B.C. Premier John Horgan met with government leaders in Prince George Friday night, but he didn’t tip his hand on the fate of Site C.
Horgan made a quick stop for a 90-minute roundtable with the mayors from Prince George and Quesnel, as well as politicians from the Cariboo, Bulkley-Nechako, and Fraser-Fort George regional districts. Dawson Creek Mayor Dale Bumstead also made an appearance.
The meeting was focused primarily on forestry and forestry health, and the impacts the pine, spruce, and fir beetles, as well as the 2017 wildfire season have had on fibre supply and mill operations, Quesnel Mayor Bob Simpson said.
“Part of what we’re pitching to the government is we have an opportunity with the pine beetle, with the fires, with everything going on, to reinvent our industry instead of letting it die away,” said Simpson, who organized the event and invited Horgan.
The meeting was the result of conversations Simpson said he had with Horgan at the annual Union of B.C. Municipalities convention in Vancouver, and in a follow-up meeting in Victoria earlier this fall. Mental health and addictions were also on the agenda.
Bumstead was invited to join in to lend his input on forestry diversifcation happening in Dawson Creek, Simpson said, as well as the oil and gas sector and its contribution to the regional economy. Bumstead said he also spoke about transportation and rail, healthcare, seniors housing—and, of course, Site C.
The now $9-billion dam is part of BC Hydro’s Peace Region Electricity Supply project in the South Peace, needed to meet demands from natural gas exploration and development in the region, Bumstead said he told Horgan.
“That’s an important project. If Site C doesn’t proceed, then that project gets redesigned ... and moves supply of power into the region back another few years,” Bumstead said.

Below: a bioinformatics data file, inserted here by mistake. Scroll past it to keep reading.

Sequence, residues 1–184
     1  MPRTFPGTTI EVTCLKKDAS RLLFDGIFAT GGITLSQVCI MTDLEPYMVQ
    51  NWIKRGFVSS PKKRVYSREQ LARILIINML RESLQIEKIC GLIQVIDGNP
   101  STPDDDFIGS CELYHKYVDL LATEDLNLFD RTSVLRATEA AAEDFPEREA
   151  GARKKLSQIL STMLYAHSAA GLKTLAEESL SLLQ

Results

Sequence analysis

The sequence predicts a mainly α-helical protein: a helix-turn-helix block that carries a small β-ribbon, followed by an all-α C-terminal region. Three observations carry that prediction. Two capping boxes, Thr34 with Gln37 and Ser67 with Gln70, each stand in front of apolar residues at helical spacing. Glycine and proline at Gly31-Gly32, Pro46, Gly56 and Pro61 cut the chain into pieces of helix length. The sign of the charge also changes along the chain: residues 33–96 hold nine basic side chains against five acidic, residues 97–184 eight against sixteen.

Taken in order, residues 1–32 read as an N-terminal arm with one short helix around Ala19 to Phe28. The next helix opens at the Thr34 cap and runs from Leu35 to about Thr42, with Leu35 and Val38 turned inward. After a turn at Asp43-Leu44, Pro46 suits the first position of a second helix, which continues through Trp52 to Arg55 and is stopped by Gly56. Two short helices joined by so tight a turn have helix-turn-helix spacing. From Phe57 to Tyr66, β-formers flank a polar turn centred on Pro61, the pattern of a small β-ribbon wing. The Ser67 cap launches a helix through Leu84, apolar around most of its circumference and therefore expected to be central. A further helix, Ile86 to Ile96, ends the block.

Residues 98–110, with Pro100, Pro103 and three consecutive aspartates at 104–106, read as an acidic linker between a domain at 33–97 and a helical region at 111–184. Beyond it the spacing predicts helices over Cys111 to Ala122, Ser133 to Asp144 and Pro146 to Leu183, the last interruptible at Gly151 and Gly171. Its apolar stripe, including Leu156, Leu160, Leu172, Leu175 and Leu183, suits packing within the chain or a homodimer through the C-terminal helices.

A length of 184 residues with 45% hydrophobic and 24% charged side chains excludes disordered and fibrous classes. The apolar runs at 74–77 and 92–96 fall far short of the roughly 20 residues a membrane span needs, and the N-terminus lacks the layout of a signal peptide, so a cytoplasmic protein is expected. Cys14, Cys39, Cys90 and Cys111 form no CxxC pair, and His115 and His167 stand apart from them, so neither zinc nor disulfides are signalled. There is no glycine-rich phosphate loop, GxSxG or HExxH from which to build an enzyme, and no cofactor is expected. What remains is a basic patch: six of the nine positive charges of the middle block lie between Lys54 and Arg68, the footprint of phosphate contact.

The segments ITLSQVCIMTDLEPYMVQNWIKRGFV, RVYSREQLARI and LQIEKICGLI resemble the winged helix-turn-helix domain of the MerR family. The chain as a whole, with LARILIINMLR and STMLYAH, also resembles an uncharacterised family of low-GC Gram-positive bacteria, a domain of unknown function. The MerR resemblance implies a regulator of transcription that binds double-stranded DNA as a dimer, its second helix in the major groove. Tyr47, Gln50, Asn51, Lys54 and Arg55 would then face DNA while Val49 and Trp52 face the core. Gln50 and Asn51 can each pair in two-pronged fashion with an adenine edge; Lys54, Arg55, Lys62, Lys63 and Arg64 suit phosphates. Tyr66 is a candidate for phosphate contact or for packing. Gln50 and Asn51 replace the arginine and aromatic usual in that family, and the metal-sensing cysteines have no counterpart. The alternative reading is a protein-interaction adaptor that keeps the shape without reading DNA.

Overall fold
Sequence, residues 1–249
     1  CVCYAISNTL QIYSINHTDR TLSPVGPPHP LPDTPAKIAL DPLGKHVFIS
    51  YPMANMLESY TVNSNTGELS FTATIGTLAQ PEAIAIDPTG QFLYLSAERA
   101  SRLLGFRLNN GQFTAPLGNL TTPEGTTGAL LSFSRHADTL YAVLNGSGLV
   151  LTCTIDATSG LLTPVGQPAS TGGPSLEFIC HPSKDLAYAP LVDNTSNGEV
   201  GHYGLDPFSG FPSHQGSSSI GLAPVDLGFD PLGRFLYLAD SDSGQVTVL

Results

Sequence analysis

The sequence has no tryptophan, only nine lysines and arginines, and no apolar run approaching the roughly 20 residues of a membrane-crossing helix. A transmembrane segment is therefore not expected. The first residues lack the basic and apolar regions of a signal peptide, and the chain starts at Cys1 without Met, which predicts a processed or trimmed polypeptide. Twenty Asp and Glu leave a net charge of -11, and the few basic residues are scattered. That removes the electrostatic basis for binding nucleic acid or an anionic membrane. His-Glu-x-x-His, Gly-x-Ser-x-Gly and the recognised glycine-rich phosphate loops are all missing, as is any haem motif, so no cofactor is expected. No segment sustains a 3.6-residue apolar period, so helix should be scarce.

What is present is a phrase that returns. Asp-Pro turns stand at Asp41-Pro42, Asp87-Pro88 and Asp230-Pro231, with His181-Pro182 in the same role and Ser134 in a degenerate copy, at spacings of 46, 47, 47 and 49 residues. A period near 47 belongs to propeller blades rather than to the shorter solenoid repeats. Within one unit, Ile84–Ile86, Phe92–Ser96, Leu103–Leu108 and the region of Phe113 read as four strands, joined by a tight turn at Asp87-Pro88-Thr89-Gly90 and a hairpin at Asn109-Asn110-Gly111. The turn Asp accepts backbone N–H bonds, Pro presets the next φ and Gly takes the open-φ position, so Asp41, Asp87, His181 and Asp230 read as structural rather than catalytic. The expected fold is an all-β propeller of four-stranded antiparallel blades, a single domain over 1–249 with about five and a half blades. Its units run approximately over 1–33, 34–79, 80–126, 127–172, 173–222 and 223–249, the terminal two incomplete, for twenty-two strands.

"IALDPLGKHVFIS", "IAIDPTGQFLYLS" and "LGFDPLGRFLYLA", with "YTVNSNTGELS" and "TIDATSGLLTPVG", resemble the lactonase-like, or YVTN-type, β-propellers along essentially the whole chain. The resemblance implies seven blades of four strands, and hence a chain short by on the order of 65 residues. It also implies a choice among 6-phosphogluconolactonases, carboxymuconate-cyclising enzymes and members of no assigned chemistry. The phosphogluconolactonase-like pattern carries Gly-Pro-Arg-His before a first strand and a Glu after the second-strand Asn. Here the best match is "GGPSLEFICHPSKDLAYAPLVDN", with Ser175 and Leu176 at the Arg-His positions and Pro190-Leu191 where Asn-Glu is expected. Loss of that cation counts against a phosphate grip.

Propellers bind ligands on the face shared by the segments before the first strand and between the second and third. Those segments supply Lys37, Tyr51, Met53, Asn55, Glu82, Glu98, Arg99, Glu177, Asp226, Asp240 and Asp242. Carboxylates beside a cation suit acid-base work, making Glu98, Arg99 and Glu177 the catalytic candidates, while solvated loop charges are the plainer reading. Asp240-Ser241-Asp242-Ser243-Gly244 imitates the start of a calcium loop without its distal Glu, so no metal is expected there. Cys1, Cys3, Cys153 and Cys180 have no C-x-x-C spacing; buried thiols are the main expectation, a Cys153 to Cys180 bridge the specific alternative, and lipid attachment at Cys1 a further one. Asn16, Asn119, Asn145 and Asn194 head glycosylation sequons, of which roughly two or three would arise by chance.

“It’s significant to the development of the sector.”
Horgan met with both his NDP caucus and cabinet last week to deliberate the fate of Site C, now two years into construction and which the BC Utilities Commission says is already over budget and unlikely to be complete by 2024.
His decision is expected by the end of the year, with speculation ramping up that a decision could come down sometime in the next week.
Still, Horgan “didn’t tip his hand at all in terms of Site C” at Friday’s meeting, Bumstead said.
The two also spoke about getting more of B.C.’s natural gas to market, whether it be to tidewater and liquefied natural gas export terminals, or opening up more markets in Eastern Canada, Bumstead said.
Group photo prompts outcry in Fort St. John
Horgan met with officials for about 90 minutes, Simpson said, and flew out later that night.
A photo Horgan posted to Twitter after the meeting stirred outrage in Fort St. John Saturday morning, and the belief he snubbed city officials by not inviting them to the meeting on the eve of arguably the biggest decision of his premiership so far.
"How unfortunate #yxj wasn't invited, is it something we said?" Coun. Trevor Bolin queried in a response tweet to the premier.